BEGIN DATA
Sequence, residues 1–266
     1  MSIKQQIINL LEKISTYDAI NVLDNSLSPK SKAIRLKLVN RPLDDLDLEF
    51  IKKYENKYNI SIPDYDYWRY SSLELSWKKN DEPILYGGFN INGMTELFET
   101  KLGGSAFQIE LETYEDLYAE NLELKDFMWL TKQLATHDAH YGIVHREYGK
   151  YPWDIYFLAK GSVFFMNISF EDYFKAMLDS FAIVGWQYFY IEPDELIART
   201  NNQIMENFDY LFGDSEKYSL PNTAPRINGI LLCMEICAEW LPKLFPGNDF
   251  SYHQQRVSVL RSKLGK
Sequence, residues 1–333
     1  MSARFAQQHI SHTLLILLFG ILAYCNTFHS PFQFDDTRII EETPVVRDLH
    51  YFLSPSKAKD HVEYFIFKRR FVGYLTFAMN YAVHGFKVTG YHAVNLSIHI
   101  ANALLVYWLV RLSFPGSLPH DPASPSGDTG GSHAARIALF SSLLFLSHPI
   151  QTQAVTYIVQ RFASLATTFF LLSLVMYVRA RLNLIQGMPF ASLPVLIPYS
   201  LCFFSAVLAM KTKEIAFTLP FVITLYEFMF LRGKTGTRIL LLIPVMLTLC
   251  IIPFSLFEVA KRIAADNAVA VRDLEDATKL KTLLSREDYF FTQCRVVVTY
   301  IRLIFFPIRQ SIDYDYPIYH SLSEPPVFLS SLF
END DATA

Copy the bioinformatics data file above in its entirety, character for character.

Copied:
Sequence, residues 1–266
     1  MSIKQQIINL LEKISTYDAI NVLDNSLSPK SKAIRLKLVN RPLDDLDLEF
    51  IKKYENKYNI SIPDYDYWRY SSLELSWKKN DEPILYGGFN INGMTELFET
   101  KLGGSAFQIE LETYEDLYAE NLELKDFMWL TKQLATHDAH YGIVHREYGK
   151  YPWDIYFLAK GSVFFMNISF EDYFKAMLDS FAIVGWQYFY IEPDELIART
   201  NNQIMENFDY LFGDSEKYSL PNTAPRINGI LLCMEICAEW LPKLFPGNDF
   251  SYHQQRVSVL RSKLGK
Sequence, residues 1–333
     1  MSARFAQQHI SHTLLILLFG ILAYCNTFHS PFQFDDTRII EETPVVRDLH
    51  YFLSPSKAKD HVEYFIFKRR FVGYLTFAMN YAVHGFKVTG YHAVNLSIHI
   101  ANALLVYWLV RLSFPGSLPH DPASPSGDTG GSHAARIALF SSLLFLSHPI
   151  QTQAVTYIVQ RFASLATTFF LLSLVMYVRA RLNLIQGMPF ASLPVLIPYS
   201  LCFFSAVLAM KTKEIAFTLP FVITLYEFMF LRGKTGTRIL LLIPVMLTLC
   251  IIPFSLFEVA KRIAADNAVA VRDLEDATKL KTLLSREDYF FTQCRVVVTY
   301  IRLIFFPIRQ SIDYDYPIYH SLSEPPVFLS SLF